It is well known that children living with single parents are disadvantaged in many ways, in general, when compared with children living with both of their parents. The following information breaks down the quality of life further, outlining how differences in the former marital status of the parent impacts the children. It clearly shows that children of formally married parents are advantaged as compared with children of unwed parents, and it shows that children living with single fathers are advantaged as compared with those living with single mothers, in general.
Children with single parents
how they fare
CHILDREN LIVING AT HOME WITH BOTH PARENTS grow up with more financial and educational advantages than youngsters raised
by one parent, as U.S. Census Bureau statistics have long shown. But even for those children living in single parent homes, the marital status of the
parent can affect the quality of life. Children living with a divorced parent typically have a big edge over those living with a parent who has never married-an even bigger edge if that parent is the father.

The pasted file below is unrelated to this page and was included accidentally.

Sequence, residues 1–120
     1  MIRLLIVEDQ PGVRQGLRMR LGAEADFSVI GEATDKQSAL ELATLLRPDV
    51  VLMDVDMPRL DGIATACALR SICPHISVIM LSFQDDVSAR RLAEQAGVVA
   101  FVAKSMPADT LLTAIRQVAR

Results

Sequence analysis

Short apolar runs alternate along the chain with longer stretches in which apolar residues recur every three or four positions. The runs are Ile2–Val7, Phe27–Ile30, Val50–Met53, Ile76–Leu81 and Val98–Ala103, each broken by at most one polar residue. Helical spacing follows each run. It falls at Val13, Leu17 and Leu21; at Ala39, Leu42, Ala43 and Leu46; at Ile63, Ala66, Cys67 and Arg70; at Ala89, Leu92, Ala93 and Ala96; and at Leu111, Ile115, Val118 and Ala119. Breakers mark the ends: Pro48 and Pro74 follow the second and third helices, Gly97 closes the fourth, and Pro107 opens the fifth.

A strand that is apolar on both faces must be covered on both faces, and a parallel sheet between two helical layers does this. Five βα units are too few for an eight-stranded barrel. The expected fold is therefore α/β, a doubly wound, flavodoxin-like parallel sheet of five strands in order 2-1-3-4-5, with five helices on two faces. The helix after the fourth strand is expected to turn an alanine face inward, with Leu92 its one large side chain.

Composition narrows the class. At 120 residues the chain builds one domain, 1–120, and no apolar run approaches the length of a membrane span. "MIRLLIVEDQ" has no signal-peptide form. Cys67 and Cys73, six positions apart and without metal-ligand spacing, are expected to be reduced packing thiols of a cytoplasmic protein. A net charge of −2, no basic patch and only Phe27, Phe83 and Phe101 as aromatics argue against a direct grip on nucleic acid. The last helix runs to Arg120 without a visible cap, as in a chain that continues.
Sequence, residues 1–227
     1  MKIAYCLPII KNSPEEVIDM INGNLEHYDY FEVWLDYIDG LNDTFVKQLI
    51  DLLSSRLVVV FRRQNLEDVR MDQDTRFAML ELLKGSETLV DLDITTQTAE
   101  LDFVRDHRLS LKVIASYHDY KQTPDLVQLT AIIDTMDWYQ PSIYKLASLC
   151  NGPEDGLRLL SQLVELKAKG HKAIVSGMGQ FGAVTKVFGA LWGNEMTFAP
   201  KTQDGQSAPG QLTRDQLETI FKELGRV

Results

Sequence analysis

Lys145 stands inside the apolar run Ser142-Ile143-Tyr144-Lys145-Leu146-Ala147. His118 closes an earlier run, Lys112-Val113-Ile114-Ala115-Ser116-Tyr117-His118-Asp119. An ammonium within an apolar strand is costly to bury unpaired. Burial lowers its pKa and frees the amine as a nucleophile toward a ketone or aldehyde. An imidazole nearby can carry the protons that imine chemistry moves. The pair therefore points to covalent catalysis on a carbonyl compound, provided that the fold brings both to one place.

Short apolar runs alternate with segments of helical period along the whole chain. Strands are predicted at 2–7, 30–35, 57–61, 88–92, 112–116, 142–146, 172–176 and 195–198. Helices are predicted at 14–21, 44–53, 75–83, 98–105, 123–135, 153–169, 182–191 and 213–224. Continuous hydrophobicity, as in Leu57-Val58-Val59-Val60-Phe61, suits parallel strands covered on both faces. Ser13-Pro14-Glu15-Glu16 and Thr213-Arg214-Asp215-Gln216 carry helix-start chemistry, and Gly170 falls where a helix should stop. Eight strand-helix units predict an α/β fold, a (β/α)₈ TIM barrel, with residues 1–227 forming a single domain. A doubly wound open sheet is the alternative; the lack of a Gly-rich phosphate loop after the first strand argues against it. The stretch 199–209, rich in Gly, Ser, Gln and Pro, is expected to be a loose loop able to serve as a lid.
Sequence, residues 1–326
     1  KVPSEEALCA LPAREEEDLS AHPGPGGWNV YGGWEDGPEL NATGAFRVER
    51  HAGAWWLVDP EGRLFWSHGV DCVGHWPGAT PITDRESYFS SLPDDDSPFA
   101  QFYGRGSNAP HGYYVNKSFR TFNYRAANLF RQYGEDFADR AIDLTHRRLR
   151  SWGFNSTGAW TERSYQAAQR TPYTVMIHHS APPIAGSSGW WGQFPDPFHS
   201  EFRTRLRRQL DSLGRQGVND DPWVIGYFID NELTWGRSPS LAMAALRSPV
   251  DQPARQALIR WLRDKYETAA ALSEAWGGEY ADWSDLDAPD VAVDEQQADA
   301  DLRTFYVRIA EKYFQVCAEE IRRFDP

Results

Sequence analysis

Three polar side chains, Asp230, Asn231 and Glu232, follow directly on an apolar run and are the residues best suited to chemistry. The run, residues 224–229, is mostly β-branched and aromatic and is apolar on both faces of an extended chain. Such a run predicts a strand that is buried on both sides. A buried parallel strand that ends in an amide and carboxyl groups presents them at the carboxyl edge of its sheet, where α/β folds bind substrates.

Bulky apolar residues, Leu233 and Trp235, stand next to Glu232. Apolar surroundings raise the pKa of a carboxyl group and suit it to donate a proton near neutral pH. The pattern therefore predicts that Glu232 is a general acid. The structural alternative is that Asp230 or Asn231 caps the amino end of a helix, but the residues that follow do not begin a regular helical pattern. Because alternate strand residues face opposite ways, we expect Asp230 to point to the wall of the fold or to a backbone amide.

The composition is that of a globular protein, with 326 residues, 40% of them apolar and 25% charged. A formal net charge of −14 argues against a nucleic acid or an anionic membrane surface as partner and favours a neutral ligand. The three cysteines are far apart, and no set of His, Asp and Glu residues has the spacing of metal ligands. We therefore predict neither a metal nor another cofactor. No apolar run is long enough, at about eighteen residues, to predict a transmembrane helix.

DIVORCED PARENTS ARE
About 85 percent of children living with either a divorced mother or
father in 1995 were living with a parent who had finished high school. In
contrast, among children living with a never married parent, fewer than
two thirds had parents who had completed high school.
CHILDREN OF DIVORCED
PARENTS ARE LESS LIKELY TO LIVE
IN RENTAL HOMES...
Of the 19 million children of single parents, two thirds lived in rented homes.  percent of children living with never married parents and one
half (52 percent) of children living with divorced parents lived in rented homes.
AND LESS LIKELY TO BE POOR
Nearly six of 10 children living with only their
mother were near (or below) the poverty line.
About 45 percent of children raised by divorced
mothers and 69 percent of those raised by never
married mothers lived in or near poverty. Children
living with their father (particularly if he was di
vorced) were more likely to be part of a family with
a higher median income than those living with a
Employment was an important reason. While many single parents had jobs, there were 7.4 million children living with single moms who were unemployed or not in the labor force.
Children of never married mothers were twice as likely (59 percent) to have their moms unemployed or not in the labor force as children whose mothers were divorced (29 percent).